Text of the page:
• Fast Food Minimum Wage

    As a reminder, fast food chains must implement the new minimum wage of $20/hour, effective April 1, 2024and post the Supplemental Required Poster in a conspicuous location in the workplace.
    New Developments
    The Department of Industrial Relations provided much-needed clarification to some unanswered questions in the law, in their Frequently Asked Questions updated March 2024. Key highlights include:
    • The law applies to all “limited-service restaurants” that are part of a chain of at least 60 establishments nationwide. The FAQs clarify that an establishment is a single restaurant location offering food or beverages to customers. Business locations performing only administrative, warehouse, or food preparation work are not counted as “establishments” toward the 60 establishment minimum.
    • AB 1228 applies to employers of “fast food restaurant employees” regardless of whether the employer is the business entity that owns the national brand or a franchisee or licensee of that national brand.
    • In describing the term “immediate consumption,” the DIR notes: Typically, customers at a fast food restaurant will eat at a table inside or outside the restaurant, in their car, or as soon as they get back home or to work with their order. Food sold to be baked, cooked, or heated at home is not for immediate consumption.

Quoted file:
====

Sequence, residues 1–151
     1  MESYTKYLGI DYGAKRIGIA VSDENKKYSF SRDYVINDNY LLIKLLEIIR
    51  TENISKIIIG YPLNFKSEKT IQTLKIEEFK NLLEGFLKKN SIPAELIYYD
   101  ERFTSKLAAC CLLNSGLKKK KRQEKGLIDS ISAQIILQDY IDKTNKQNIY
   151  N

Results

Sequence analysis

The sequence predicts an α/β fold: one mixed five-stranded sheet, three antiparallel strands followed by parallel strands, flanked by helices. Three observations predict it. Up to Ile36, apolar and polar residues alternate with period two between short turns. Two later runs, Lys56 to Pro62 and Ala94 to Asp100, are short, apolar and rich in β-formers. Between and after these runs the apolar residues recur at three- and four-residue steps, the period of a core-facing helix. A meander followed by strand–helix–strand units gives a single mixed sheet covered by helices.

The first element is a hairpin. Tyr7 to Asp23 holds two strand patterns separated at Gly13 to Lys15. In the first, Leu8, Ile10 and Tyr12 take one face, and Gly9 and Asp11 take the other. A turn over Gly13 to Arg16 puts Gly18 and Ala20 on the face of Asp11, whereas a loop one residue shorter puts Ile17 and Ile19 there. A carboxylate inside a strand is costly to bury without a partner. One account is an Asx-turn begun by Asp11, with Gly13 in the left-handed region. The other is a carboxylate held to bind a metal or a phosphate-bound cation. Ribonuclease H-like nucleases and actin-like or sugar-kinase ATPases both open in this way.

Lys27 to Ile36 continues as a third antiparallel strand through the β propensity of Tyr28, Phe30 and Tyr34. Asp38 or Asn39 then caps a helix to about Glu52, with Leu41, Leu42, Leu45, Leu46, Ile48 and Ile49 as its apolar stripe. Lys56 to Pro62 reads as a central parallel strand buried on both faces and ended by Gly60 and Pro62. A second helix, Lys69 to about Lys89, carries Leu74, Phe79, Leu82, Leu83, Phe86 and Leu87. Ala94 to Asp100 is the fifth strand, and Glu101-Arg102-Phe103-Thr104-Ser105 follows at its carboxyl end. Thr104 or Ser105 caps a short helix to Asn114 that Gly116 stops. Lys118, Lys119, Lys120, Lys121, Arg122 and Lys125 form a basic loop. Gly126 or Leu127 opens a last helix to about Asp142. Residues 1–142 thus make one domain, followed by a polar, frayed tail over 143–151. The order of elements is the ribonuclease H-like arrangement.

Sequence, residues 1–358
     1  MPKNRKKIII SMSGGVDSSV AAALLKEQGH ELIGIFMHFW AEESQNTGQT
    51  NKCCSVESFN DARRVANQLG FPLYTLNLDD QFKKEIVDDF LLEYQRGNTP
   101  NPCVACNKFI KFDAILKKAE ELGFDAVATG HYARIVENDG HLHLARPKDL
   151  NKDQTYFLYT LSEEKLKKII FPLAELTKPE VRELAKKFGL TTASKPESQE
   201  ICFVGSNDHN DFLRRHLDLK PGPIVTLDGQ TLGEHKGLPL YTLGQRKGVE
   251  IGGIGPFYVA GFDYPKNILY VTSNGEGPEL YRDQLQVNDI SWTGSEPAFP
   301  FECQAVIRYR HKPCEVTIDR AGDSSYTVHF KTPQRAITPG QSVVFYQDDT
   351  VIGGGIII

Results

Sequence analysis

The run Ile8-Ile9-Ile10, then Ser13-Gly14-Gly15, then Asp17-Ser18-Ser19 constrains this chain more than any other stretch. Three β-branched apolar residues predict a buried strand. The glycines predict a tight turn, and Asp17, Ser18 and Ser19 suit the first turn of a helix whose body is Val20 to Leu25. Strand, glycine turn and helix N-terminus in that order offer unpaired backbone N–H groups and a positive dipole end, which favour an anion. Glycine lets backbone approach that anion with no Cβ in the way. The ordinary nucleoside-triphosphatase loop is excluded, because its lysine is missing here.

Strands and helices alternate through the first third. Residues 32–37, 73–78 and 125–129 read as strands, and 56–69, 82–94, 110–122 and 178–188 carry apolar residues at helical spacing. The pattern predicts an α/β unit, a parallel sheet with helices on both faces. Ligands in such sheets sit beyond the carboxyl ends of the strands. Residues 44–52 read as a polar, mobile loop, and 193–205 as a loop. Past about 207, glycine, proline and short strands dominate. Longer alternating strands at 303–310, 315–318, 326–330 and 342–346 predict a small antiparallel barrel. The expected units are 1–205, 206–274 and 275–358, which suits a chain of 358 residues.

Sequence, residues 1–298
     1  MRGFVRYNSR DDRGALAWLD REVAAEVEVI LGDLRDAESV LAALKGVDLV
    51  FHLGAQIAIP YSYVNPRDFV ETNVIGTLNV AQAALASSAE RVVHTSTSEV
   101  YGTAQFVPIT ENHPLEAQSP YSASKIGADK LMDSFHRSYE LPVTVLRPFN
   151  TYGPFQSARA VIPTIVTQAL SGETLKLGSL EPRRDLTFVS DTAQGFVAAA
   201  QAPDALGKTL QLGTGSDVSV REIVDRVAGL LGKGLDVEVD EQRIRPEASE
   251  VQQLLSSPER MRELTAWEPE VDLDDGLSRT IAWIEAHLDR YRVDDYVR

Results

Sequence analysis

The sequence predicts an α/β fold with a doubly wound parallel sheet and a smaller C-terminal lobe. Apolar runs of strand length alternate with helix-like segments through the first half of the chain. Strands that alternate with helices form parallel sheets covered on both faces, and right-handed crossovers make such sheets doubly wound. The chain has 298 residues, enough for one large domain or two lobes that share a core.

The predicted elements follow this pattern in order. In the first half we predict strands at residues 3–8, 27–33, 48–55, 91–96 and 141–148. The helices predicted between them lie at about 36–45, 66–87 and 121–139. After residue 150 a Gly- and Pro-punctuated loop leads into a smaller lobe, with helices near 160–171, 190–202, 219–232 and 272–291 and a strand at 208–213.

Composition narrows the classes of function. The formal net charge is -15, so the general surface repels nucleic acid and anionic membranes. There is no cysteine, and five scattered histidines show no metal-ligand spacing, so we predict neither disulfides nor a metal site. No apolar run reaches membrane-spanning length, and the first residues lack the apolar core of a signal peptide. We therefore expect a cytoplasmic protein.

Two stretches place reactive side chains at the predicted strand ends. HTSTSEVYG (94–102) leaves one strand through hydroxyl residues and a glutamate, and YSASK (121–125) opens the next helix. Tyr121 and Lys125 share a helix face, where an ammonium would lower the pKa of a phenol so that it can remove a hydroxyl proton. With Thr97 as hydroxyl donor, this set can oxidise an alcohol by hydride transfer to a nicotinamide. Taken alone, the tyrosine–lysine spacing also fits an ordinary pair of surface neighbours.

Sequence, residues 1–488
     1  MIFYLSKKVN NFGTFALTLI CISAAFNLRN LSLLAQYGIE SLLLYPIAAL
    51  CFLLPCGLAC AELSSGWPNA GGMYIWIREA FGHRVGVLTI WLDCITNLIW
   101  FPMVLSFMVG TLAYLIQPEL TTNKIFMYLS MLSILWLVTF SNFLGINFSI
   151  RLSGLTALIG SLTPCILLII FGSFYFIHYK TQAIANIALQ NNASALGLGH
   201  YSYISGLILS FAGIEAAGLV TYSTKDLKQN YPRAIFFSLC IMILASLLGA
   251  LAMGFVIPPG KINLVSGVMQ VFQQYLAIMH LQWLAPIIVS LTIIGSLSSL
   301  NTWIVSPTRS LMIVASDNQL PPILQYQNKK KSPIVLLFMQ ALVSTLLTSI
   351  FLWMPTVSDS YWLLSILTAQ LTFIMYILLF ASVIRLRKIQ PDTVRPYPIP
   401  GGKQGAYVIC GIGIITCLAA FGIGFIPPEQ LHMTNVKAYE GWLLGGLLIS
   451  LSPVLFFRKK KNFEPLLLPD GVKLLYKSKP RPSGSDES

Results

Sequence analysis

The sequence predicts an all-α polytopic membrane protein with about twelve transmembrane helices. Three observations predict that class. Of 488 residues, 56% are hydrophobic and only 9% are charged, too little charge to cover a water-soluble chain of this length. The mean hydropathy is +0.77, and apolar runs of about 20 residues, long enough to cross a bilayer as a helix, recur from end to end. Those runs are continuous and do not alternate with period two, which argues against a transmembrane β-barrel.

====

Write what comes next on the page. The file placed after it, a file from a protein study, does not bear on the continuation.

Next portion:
• The term “primarily engaged in” means the business earns more than 50% of its gross income from selling food or beverage items that are for immediate consumption.
    • For example, if a fast food pizza restaurant earns 30% of its revenue from “take and bake” pizza to be baked at home, but earns 70% of its revenue from sales of fully-cooked food and beverages for immediate consumption, the restaurant is primarily engaged in selling food and beverage for immediate consumption and would be covered by the new law (provided no other exemption applies).
    • If you have a fast food restaurant that is located inside another store (e.g., a McDonalds inside a convenience store), and you have an employee working for both the fast food restaurant and the convenience store, the DIR provides an example clarifying that the fast food minimum wage applies only to “hours perform[ed] in the fast food restaurant.” (This example assumes that the employer does not meet the grocery store exemption outlined in AB 1228.)
    • To qualify as an exempt employee at a covered fast food restaurant, the employee must earn two times the fast food minimum wage. That is, $83,200/year.